apma77

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does one still need to follow npo guidelines (g tube feeds) even thogh the airway is essentailly secured if the patient has a cuffed trach?
 

militarymd

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apma77 said:
does one still need to follow npo guidelines (g tube feeds) even thogh the airway is essentailly secured if the patient has a cuffed trach?
you should.
 
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Trisomy13

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apma77 said:
why? whats your rationale military?

My guess would be that there is no guarantee that the cuffed trach will remain there or do it's job in preventing aspiration even if it does stay in place. More of the "better safe than sorry" approach, especially since it is a simple matter of making someone NPO. I don't know much though :)
 

Noyac

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If the feeding tube is transpyloric, I don't worry so much. I will hold the feedings for only 1 hr.
 

Tenesma

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cuffed trach patients aspirate all the time - don't you see that crap yellow stuff they can't expectorate properly cause their cords aren't being used... that crap yellow stuff comes usually from above the cords - dripping down slowly...

so don't be fooled into thinking that a cuffed trach protects the airway from regurgitated stuff....

i mean look at how many intubated patients aspirate!!!! and those cuffs are usually more inflated than the trach patients...

ICU 101: nothing can prevent aspiration...
 

militarymd

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Tenesma said:
ICU 101: nothing can prevent aspiration...
bingo...and that applies to regular patients....I always find it extremely amusing that, once the ETT is placed, everyone breathes a sign of relief and think that the patient won't aspirate.

The fact that patients don't aspirate in the OR has little to do with the "cuffed" ETT.....it is due to the fact that patients rarely aspirate ...period.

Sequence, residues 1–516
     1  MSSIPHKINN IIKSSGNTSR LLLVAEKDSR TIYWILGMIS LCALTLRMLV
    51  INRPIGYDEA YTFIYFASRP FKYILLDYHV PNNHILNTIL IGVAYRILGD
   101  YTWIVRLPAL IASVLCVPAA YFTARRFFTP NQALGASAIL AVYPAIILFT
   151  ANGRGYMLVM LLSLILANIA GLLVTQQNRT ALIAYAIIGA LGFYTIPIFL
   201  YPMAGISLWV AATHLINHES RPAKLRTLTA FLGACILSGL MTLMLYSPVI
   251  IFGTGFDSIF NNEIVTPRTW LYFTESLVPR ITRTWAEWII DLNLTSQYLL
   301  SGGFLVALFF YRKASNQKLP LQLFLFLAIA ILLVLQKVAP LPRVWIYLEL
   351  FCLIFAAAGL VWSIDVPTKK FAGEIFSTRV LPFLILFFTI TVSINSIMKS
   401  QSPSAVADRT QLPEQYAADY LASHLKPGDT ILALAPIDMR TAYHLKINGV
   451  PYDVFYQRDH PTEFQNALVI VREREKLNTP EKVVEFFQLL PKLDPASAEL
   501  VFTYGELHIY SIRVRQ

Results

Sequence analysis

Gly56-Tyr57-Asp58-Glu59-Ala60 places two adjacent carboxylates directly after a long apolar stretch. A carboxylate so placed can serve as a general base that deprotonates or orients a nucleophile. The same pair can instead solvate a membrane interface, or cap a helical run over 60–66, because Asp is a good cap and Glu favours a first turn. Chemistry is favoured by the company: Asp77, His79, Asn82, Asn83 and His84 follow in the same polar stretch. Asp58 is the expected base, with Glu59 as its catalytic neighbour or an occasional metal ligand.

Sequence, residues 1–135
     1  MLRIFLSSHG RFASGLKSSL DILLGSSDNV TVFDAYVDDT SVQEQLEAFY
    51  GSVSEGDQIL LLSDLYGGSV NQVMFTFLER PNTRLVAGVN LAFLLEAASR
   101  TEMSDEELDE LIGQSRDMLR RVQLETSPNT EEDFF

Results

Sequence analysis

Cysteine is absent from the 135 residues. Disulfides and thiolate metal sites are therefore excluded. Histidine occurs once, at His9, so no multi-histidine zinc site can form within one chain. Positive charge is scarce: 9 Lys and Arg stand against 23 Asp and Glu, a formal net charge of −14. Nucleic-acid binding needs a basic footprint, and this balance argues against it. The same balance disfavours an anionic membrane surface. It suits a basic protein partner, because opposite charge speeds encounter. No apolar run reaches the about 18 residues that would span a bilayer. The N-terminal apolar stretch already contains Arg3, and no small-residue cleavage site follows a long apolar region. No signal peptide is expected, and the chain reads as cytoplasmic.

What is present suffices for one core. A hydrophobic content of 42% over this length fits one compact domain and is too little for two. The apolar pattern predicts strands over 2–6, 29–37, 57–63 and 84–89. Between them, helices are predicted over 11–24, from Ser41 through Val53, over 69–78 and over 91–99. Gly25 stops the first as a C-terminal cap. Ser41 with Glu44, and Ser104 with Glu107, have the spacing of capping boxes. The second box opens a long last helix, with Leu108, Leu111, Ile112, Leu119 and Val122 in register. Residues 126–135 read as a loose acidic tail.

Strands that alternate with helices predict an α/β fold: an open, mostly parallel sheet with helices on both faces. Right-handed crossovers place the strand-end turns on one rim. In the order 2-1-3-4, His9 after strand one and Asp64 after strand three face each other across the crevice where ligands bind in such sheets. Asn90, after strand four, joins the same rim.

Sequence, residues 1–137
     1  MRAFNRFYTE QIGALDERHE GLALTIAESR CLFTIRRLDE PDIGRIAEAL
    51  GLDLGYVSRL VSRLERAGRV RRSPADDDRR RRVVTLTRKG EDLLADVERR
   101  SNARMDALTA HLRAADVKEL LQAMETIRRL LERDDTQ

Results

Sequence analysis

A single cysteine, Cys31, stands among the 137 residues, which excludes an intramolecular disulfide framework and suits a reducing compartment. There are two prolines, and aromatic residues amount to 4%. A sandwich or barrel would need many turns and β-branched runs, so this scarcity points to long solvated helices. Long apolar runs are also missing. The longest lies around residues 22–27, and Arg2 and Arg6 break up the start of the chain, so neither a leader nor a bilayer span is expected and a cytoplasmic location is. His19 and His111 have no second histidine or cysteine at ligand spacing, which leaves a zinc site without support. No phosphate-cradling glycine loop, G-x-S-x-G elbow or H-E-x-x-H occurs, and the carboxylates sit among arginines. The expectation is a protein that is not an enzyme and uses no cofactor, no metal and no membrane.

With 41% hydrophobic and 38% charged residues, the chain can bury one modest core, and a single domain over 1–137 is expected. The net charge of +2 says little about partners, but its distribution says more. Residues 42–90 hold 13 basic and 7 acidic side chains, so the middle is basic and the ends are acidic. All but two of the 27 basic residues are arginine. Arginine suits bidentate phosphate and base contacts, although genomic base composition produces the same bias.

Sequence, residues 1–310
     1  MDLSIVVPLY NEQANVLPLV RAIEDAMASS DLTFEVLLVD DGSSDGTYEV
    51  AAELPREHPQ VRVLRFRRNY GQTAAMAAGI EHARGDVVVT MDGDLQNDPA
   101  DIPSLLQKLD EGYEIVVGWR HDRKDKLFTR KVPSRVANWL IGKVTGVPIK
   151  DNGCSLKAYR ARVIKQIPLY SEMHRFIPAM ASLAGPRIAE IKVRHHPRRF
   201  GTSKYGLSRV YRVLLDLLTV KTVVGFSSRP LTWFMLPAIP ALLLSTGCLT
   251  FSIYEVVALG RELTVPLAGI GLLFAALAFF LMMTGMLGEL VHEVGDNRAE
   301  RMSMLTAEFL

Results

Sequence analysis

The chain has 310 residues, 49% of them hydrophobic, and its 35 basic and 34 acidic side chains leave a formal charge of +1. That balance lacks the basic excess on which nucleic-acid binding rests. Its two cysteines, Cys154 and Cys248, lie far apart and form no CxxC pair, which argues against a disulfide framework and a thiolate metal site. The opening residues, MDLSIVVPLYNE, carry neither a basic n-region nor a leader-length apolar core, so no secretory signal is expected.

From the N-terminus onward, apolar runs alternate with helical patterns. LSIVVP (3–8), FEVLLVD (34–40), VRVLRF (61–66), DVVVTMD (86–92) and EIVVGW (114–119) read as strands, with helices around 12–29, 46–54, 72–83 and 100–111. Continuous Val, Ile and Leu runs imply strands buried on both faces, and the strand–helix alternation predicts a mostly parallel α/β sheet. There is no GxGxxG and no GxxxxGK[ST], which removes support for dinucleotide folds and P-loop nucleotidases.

TIVA

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ICU 101: nothing can prevent aspiration...[/QUOTE]


Well ... actually elevating the head of the bed does prevent aspiration.

But that's not to argue against your point.
 

SilverStreak

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TIVA said:
ICU 101: nothing can prevent aspiration...

Well ... actually elevating the head of the bed does prevent aspiration.

But that's not to argue against your point.[/QUOTE]

I think the point is that there are things we do to decrease the incidence of aspiration, but it can still occur in the ICU. We usually still place an NGT with an intubated patient to deflate the stomach, but nothing is foolproof.

As far as elevating the HOB for example...the guilelines are to elevate the HOB to 30 for aspiration precaution/prevention. There are numerous problems with this and reasons why aspiration still does occur. 1. The nurse lies the patient flat to turn them, forgets to pause the tube feeding. 2. The HOB is only actually at 15 or 20 and not 30, guessing the degree of elevation by eyeball has been documented to not be accurate. 3. A vented pt is nauseated and aspirates. Any number of things can happen to cause aspiration even when we document on our prevention sheets that the HOB is at 30 degrees everyday, people don't always take these things into account when a patient does aspirate.
 

Tenesma

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i think some of you guys forget that aspiration also includes aspirating oral/nasal secretions (which can be just as full of yuck)

30 degress doesn't prevent that
 
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